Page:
It has been eight months since I exited my long position in Herbalife (HLF), but the story continues to fascinate me. This time around, bad news came in rapid sequence for HLF. Interestingly enough, like 2012, a good number of bears well-anticipated the carnage. I will start with the options action.
According to Schaeffer's Investment Research, the open interest put/call ratio on HLF leapt noticeably in the first half of January from 1.0 to about 1.25 at the peek. After the bad news started rolling, this ratio plummeted, suggesting a combination of put players cashing in on their foresight and perhaps hopeful bulls taking advantage of cheaper call options.
The put/call ratio still has a knack for rising ahead of swoons in HLF stockSource: Schaeffer's Investment Research
One of these days, I will notice one of these spikes in the open interest put/call ratio ahead of a fresh stock swoon…
HLF's recent troubles have already been extensively covered: January 15th headlines about a China Daily story suggesting Nu Skin (NUS) had run afoul of Chinese authorities for alleged questionable business practices (HLF fell in sympathy); a January 23rd press release referencing letters from Massachusetts Senator Ed Markey calling for an investigation of HLF as a potential pyramid scheme (the same Markey who teamed up with other lawmakers to question Living Essentials about its 5-Hour Energy Drink); and then headlines on January 24th about Chinese media coming after HLF.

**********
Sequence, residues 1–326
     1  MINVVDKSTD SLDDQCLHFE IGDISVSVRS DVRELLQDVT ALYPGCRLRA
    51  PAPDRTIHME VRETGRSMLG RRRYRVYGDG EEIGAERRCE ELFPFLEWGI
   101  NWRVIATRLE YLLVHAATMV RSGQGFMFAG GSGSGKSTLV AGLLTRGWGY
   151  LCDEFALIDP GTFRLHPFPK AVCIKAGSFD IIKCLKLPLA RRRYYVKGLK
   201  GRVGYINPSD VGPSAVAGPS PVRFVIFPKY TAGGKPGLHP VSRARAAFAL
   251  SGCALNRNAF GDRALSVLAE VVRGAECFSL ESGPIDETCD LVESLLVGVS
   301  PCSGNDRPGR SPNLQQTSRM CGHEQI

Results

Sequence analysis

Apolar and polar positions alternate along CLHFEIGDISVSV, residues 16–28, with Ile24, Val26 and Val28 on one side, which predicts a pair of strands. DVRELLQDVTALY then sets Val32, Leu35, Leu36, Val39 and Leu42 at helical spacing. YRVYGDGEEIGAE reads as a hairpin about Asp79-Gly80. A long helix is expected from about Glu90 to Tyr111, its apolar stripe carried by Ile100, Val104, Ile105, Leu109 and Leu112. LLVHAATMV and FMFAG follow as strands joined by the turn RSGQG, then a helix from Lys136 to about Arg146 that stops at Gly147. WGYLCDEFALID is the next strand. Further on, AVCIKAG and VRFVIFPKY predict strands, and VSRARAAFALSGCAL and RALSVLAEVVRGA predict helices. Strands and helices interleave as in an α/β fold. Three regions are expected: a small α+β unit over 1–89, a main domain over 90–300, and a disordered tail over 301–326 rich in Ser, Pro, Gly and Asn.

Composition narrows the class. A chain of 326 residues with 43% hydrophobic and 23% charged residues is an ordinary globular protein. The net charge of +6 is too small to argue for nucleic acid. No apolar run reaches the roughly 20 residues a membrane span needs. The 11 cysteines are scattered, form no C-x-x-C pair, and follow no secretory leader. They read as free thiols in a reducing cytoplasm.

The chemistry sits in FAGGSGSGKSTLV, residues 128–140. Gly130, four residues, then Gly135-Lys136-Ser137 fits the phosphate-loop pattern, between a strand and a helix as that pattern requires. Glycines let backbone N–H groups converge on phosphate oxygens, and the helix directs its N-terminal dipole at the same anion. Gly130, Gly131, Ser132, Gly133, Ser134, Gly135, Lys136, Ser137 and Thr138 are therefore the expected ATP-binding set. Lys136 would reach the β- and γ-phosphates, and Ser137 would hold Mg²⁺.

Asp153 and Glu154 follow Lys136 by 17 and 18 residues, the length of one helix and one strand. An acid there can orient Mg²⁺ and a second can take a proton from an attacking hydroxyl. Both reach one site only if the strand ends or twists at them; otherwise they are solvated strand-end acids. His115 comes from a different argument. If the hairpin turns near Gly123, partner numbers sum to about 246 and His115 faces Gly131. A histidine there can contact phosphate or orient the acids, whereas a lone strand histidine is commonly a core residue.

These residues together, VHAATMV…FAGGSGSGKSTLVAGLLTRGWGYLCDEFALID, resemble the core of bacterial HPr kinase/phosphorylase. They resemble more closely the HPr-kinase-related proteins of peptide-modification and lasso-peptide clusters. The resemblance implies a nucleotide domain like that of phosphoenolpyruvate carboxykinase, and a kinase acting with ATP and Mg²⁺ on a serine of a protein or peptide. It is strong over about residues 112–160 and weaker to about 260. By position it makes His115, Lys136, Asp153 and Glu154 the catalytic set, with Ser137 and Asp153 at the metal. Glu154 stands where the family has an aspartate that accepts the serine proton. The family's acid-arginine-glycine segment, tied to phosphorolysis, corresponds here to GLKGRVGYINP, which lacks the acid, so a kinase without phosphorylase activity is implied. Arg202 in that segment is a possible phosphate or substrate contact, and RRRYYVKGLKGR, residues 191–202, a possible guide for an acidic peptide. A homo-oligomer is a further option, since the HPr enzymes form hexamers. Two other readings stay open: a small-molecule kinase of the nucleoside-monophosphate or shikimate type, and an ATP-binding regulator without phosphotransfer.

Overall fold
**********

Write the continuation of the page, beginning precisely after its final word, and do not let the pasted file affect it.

Put buyers surely cashed in handsomely as the stock has fallen 26% in seven trading days. Note that the biggest drop in the open interest put/call ratio came AHEAD of the Markey press release: from 1.13 on Jan 17 to 0.77 on Jan 21. The ratio has held relatively steady since.
Herbalife swoons in the wake of multiple bad headlinesSource: FreeStockCharts.com
When the latest data is released on short interest, I will be interested to see whether there is a renewed interest in shorting HLF. Ever since Ackman backed out (and converted) about 40% of his position late last year, short interest has remained flat.
Herbalife short interest has remained static for several monthsSource: Schaeffer's Investment Research
The bad week+ was appropriately capped with after hours news of an SEC Schedule 13G filing indicating Dan Loeb had dumped his entire position. It turns out this is likely old news. The SEC requires fund managers like Loeb and his company Third Point, LLC to regularly publish their positions (form 13F-HR). Third Point last disclosed owning a position in Herbalife on February 14, 2013 to the tune of 3.3M shares. The next filing on May 15, 2013 covering the quarter ending March 31, 2013 shows no Herbalife shares. No HLF shares have appeared on any subsequent filings.
I am not sure why there was such a time lag in filing the 13G, but I am guessing news of the filing could add enough incremental angst in HLF to punch it through the 200-day moving average shown above for a retest of the breakout point around $56.50.
I still think HLF is more of a trading stock than investable one. Paying attention to signals from options trading and short interest seem to provide sufficient guidance to future headlines.
Be careful out there!
Additional disclosure: I could also initiate a short position depending on trading conditions mentioned in this article.